Consider the recent success of a Johnson Scholarship recipient, Rebecca Grayson of Grand Rapids, Michigan. Both blind and dyslexic, Rebecca became an online student in her late 20s. As part of her oral communication training, Rebecca had to pick a job posting and practice interviewing for the position. Rebecca did so well in her mock interview that she decided to take the plunge and actually interview for the job. She was offered the position and began work as a doctor’s office assistant.

Statler Center staff member Ray Zylinski teaches Job Access With Speech (JAWS) to a blind student from New York.
Statler Center staff member Ray Zylinski teaches Job Access With Speech (JAWS) to a blind student from New York.

Rebecca loves her job and is thankful for the online class that gave her the skills and confidence to become ready to work. As she recently told us, “I am doing great and am really enjoying my job. Thank you again to the Statler Center and Johnson Scholarship for this opportunity!”

Job placement is the primary means by which we measure program success. Nationally, approximately three-quarters of the blind and visually impaired are unemployed, earning two-thirds less on average compared to their non-disabled co-workers. In contrast, approximately three-quarters of VIA’s nearly 700 graduates are currently employed with an average starting wage of $12.68 per hour, significantly higher than the federal minimum wage.

To prepare our students to be successful in their job search and placement journey, we emphasize that investing the right amount of time, self-reflection, and energy into a job search is essential to find a rewarding job. We tell students that each person is a unique puzzle piece. The sides of your puzzle piece are your individual qualifications, skills, strengths, coupled with your ideal location, hours, schedule, and work setting. For you to be successful at work, the company culture must fit you. Past experiences can help you figure what you like and why, and just as importantly what you DON’T like and why. Not everyone is perfect for every job. If you hate being outside and sweating, well then, working in landscaping is definitely not the right job for you. But we all belong somewhere. Once you are honest with yourself about your skills, strengths, and qualifications, you need to find that puzzle looking for one special unique missing puzzle piece – YOU!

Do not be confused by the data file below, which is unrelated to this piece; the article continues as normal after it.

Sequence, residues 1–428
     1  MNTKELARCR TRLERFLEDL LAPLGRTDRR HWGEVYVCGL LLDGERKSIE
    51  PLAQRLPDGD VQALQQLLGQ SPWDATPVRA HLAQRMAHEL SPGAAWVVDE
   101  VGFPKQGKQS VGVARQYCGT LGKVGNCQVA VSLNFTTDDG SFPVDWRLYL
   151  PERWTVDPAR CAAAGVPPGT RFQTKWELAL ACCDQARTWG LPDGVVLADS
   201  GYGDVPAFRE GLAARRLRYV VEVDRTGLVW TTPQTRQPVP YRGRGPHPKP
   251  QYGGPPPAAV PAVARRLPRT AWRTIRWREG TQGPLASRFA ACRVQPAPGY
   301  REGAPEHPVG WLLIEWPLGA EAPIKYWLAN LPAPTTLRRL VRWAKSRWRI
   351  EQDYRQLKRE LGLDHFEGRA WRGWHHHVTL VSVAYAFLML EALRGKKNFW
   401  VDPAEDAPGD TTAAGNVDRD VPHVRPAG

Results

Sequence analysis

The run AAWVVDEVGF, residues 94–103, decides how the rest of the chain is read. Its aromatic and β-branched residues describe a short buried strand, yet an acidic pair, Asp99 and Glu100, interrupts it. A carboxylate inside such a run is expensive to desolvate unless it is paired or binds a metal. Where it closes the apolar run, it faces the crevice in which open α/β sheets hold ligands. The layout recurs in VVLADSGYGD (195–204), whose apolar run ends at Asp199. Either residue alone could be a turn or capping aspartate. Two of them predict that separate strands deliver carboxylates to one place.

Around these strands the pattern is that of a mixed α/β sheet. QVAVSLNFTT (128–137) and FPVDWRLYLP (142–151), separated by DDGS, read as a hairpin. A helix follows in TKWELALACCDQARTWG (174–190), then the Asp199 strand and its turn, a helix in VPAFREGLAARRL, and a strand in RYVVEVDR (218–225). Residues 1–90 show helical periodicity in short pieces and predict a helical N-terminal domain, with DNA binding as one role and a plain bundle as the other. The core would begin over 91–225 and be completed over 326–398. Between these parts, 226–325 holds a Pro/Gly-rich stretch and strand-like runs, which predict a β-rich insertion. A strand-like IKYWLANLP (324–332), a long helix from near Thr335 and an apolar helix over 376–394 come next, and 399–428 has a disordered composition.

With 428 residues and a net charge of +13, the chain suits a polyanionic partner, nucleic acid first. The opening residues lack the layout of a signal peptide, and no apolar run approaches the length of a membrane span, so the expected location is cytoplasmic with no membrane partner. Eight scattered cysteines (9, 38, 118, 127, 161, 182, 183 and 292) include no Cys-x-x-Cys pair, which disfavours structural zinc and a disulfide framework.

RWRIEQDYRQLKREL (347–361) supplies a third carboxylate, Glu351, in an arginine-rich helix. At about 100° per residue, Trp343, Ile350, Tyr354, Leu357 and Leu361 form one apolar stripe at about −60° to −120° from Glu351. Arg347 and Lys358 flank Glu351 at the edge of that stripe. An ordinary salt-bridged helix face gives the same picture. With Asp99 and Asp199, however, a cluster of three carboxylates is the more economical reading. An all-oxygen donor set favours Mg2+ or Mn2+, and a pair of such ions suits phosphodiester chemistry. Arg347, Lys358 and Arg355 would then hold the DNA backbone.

Interviews are your first face-to-face experience with a company, and it is true – You only have one chance to make a first impression! Almost all communication (93%) is nonverbal so your gestures, facial expressions, tone of voice, eye contact, and posture are often more important than what you say. The key to answering those difficult interview questions is to positively promote yourself. You need to reframe your answers into “I can if” statements. This reframing builds confidence, which all job seekers need, but especially job seekers with disabilities.

Once offered the job, we teach job seekers how to discuss accommodations and self-advocate. We teach our students to say “My disability is NOT a weakness.” A screen reader is not different than reading glasses used by other applicants. It’s simply a tool that you need for success at work. Working closely with applicants and companies, we help them to understand reasonable accommodations and negotiate logistics like who will cover the cost, how long it will take to install, who installs it, and what is looks like, among other things. Once employers become familiar with the accommodations that our graduates need for success, they are comfortable and ready to get their new employees on board.

By funding education, peer support, on-the-job work experience, access to assistive technology, vocational rehabilitation services, and mentoring, Johnson Scholarship Foundation is giving VIA graduates the skills to succeed!

Becky Landy is a grant writer who comes to VIA with a broad background at not-for-profits, higher education, and corporate marketing. She has taught business communication at both the graduate and undergraduate levels. She has an undergraduate degree from Colgate University and an MBA from Clarkson University. She is a passionate writer who enjoys helping the blind and visually impaired start on their journey to financial independence and a fulfilling life.